This post and the following links provide some additional detail. I also talked to a developer who is doing the first Passive House net positive energy+transportation infill project in the world(?) in SF. What’s remarkable about it is the fact that these developers are connecting such big concepts to the ground with a real project and program for future development. VERY inspiring. When i commented that his project seems to be directly connected to Amory Lovins’ work at RMI, particularly the Reinventing Fire Initiative to get the U.S. off oil by 2050 and grow the economy, he said he had not heard of RMI. When he finished a quick skim through their website, he said that reading their strategy and ideas was like reading their own. Small world!
The symposium began the conversation on charting the Bay Area’s and California’s course to comply with the new state legislation for net zero energy buildings by 2030. Here is a summary of my subsequent thoughts.
PASSIVE HOUSE BRIGHT SPOT! With Passive House being such a simple and proven technology for reducing building energy consumption 80% and for creating better interior environments for any building from single family to towers, it is likely one of those “bright-spot” innovations that should/will be scaled to reap that benefit for society. It is an existing innovation that can be one of the front-line responses for climate change mitigation and adaptation and creating the foundation for a feasible and sustainable renewable energy economy.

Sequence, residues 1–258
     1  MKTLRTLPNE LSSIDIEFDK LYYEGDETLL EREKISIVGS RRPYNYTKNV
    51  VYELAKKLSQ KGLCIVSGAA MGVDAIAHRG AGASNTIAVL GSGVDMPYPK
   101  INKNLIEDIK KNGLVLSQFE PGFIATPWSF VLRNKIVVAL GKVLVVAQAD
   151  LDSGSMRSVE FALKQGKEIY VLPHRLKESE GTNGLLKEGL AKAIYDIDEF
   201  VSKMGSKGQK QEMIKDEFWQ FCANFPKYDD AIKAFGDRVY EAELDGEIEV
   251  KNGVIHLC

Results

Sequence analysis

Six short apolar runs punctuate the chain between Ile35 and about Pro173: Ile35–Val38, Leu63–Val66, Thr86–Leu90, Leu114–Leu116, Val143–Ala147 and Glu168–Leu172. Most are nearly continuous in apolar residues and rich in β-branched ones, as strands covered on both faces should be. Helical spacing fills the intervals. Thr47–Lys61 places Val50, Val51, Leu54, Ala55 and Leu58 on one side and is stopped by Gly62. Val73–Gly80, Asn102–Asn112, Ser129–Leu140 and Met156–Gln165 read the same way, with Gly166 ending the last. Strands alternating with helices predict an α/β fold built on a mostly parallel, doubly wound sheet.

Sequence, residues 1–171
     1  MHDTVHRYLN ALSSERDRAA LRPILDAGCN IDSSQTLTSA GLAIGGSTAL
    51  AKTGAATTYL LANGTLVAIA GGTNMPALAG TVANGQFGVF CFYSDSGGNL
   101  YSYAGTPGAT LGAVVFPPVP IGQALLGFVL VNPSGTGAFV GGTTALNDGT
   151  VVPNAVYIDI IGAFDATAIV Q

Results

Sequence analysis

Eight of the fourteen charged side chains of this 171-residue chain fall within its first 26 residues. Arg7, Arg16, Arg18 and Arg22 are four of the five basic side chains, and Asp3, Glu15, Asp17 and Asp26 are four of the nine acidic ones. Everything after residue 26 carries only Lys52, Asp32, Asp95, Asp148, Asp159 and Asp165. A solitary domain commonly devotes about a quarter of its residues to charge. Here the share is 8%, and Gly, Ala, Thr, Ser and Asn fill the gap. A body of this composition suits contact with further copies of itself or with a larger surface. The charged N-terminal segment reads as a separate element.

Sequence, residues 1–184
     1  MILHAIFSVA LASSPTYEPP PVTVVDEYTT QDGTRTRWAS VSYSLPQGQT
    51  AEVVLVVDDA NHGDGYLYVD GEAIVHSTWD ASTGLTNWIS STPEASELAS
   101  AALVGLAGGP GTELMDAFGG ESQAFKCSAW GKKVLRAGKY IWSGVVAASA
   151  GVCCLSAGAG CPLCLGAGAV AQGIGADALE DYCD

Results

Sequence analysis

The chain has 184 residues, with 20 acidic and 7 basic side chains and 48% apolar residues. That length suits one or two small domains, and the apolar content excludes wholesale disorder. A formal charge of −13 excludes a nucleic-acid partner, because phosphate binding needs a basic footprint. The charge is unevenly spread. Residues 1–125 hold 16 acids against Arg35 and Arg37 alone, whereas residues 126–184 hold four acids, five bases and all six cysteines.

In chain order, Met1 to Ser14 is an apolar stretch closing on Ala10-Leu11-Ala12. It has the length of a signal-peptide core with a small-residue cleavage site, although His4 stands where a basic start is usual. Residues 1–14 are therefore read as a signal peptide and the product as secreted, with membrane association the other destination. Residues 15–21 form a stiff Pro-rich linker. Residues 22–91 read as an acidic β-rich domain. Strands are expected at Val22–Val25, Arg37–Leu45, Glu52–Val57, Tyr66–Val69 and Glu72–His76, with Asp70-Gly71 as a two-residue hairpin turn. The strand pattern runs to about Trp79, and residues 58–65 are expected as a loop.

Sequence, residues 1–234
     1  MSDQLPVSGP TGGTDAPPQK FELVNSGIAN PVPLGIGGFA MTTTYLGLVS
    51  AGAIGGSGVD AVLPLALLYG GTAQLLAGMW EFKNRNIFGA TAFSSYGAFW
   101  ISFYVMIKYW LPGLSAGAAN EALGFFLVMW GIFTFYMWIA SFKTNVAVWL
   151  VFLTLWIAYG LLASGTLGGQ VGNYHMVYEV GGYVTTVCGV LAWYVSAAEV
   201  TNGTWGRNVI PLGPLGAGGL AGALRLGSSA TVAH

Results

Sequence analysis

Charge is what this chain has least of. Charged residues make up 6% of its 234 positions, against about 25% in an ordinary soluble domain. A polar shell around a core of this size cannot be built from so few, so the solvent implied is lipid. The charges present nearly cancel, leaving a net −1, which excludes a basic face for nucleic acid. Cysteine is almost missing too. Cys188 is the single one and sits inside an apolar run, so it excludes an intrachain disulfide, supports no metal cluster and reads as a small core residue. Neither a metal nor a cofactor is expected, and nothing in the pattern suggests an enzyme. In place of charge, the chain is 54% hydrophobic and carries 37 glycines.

ONE RIPE APPLICATION – AFFORDABLE HOUSING. Coming out of the discussion at the end of the day, it seems like one obvious avenue of application is affordable housing. I look forward to the larger strategy you/we develop. We’ll discuss implications for planning and see where that might lead.
SHIFT TO AMERICAN DREAM NEIGHBORHOODS. I certainly found Alex Steffen’s presentation engaging. His characterization of the many changes on the urban front culminating in a shift from demanding the American dream house to the American dream neighborhood was particularly powerful.
BRIGHT-SPOT CHANGE THEORY. Reading up on Bright-Spot Theory (don’t solve problems but identify and copy success) after the symposium was also an added bonus.
FOLLOW UP. The symposium organizers will uploaded the presentations to the website. I believe that plannes would find some of that material especially intriguing, particularly Joke’s Brussels model of public-sector intervention strategy for private sector innovation, and Alex’s mussings on the implications of technology and sustainability for a new urbanism.